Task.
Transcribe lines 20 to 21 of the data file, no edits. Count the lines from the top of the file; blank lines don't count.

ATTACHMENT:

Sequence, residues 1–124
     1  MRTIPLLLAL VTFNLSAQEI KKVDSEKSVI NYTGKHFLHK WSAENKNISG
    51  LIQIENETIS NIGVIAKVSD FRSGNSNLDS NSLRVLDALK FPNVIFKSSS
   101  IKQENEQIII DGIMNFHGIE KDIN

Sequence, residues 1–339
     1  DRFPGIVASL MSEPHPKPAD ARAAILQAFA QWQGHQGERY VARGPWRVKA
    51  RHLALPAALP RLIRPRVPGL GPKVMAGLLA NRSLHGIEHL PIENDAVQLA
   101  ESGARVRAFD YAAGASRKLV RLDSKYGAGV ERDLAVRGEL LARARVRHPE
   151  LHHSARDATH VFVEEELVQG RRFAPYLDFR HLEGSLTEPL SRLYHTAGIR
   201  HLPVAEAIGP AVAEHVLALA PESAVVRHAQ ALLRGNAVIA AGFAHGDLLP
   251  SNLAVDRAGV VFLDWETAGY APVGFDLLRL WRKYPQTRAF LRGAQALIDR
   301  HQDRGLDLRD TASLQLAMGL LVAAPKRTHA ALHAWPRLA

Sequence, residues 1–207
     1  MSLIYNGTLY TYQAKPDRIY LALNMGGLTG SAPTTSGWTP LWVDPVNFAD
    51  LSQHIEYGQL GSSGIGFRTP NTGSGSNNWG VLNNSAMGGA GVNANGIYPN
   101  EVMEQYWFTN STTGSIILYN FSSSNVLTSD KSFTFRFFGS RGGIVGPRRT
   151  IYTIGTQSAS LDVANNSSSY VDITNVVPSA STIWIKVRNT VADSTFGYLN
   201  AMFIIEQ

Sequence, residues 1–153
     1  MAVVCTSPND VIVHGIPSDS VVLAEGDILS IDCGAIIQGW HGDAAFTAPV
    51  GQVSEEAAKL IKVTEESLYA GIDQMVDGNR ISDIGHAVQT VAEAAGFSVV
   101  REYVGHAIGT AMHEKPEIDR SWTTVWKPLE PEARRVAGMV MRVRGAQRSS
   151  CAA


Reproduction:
     1  MAVVCTSPND VIVHGIPSDS VVLAEGDILS IDCGAIIQGW HGDAAFTAPV
    51  GQVSEEAAKL IKVTEESLYA GIDQMVDGNR ISDIGHAVQT VAEAAGFSVV